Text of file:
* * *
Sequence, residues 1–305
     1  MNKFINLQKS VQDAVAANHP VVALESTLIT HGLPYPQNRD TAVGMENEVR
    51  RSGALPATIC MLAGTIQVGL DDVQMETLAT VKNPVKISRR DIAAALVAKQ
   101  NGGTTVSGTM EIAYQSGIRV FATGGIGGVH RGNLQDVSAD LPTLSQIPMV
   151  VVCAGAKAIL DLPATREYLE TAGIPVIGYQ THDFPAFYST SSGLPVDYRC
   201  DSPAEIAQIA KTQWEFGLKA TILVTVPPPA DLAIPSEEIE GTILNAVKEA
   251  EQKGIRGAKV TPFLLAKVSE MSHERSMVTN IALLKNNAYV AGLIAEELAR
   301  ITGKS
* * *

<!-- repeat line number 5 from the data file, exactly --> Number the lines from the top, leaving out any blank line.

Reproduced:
   151  VVCAGAKAIL DLPATREYLE TAGIPVIGYQ THDFPAFYST SSGLPVDYRC